Chronicle of Clémence Lesacq, winner of the Libé-Apaj writing contest.
Alone, on my first night watch
Tuesday, September 30th, early morning
Second night aboard Tara. In the cockpit, the small round black clock says 4:50 am. From 4 to 6 am it’s my turn on watch. The other 13 passengers are sleeping. The instructions are so simple and clear, it took me only a few seconds to understand them. On the computer screen, make sure that the little red symbol identified as Tara does not go beyond the green circle. If it does, then wake up Martin, the Captain. Also watch if any red button (there are lots in front of me) starts to blink, makes noise or whatever. If this happens, then wake up Samuel, the chief engineer. In any case, don’t go into the wrong cabin and wake up half the boat. Easy.
I am by no means reassured.
We are moored off Sanary-sur-mer. No stars in the sky and the water is inky black. The lights of the city surround us but the feeling of loneliness is immense. The silence is heavy, punctuated by unfamiliar noises, pops and beeps. The radio to my left erupts in voices crackling inaudible sentences. Sometimes in French, sometimes in English. And I wasn’t warned about that. It’s about positions, numbers, ”alpha”, ”station” and “good morning.” I understand one word out of two, and I jump at each response. And what if a voice was actually trying to contact me? What do I do? What is the protocol? “Hello, yes, hello, excuse me I’m not hearing you well (I don’t understand anything), could you repeat the question? Yes, because, no, you know, this is the first time I’m on watch on a boat. In fact, this is my first time on a boat. I still have trouble distinguishing starboard from port… You think it’s irresponsible leaving me alone at the bar? It’s fun for me, too! Monologue of embarrassment.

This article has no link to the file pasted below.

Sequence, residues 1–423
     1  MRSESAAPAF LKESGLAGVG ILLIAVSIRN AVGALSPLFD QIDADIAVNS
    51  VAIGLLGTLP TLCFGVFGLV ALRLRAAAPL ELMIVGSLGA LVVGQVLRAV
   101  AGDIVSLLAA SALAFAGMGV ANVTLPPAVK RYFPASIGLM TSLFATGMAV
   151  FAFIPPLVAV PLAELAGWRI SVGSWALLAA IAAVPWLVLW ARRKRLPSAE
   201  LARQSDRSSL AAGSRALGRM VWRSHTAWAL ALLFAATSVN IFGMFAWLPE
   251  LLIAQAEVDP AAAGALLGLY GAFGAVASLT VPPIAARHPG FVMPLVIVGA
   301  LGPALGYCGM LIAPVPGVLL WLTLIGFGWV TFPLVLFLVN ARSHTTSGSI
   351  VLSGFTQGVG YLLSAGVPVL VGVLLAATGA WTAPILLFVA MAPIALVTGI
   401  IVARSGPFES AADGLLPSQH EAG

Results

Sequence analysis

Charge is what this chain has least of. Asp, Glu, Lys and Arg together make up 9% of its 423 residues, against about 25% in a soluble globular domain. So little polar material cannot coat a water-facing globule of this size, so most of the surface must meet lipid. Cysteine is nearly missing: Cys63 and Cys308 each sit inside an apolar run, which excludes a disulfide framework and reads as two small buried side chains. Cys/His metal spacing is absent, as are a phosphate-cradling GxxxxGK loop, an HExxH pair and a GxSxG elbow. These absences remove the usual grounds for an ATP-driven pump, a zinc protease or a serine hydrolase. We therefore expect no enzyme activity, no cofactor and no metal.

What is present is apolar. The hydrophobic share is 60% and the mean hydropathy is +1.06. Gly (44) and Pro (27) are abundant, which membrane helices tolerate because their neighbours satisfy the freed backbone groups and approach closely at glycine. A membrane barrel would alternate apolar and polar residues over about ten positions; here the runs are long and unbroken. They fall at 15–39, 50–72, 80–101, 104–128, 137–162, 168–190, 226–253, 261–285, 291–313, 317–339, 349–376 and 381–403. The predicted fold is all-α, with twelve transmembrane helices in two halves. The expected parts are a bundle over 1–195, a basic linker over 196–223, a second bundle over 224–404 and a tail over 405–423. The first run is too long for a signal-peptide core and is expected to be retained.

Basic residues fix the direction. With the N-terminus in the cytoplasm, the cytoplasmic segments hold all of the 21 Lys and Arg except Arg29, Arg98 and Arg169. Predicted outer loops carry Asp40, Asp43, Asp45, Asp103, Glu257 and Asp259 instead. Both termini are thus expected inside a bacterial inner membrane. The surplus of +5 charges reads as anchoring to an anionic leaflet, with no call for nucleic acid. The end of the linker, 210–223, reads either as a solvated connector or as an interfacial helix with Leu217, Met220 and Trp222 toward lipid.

Finally, I choose my course, and play deaf. I won’t answer anyone, and pray that no ship or maritime official has the bright idea of trying to communicate with Tara. Only three quarters of an hour left to hang on…
About the author:
In July 2014, Clémence Lesacq won the Tara prize in a writing competition organized by the newspaper Libération and the Association for Aid to Young Authors (Libé-Apaj). This year’s theme was “On the road and byways.”
Click here to read her prize-winning text “Dawn of the Journey.” Clémence will voyage aboard Tara for 12 days between Marseilles and Naples, and will regularly send Chronicles from the schooner.